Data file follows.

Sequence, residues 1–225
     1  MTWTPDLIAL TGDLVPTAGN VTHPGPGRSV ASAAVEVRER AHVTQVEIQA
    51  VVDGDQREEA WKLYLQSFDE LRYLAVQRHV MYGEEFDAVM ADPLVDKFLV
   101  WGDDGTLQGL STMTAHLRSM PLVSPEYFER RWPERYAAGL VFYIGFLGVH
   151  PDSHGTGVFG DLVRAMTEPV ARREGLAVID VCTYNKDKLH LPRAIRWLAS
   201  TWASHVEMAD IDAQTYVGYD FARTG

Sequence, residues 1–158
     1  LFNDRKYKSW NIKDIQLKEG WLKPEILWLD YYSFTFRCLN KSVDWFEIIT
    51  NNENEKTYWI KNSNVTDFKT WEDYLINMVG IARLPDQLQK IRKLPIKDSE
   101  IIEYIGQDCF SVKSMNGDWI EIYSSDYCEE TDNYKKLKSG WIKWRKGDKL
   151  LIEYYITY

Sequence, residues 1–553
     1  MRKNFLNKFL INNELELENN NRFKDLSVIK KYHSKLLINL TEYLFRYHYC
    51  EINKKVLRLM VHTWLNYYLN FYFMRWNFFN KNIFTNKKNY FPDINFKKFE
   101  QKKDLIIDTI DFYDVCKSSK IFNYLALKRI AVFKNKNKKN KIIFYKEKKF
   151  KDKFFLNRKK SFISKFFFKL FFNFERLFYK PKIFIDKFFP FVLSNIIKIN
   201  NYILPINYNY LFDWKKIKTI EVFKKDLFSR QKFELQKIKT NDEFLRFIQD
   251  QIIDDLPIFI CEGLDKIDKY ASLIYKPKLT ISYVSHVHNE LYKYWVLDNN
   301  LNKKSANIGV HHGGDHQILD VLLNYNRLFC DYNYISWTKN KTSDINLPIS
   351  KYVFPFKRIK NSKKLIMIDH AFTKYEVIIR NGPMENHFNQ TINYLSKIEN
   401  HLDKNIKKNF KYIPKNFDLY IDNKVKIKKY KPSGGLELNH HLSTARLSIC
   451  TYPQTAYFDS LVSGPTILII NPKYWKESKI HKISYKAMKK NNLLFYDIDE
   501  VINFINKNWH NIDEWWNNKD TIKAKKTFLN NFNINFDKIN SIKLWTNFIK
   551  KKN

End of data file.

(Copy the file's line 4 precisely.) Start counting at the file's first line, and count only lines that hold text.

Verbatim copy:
   101  WGDDGTLQGL STMTAHLRSM PLVSPEYFER RWPERYAAGL VFYIGFLGVH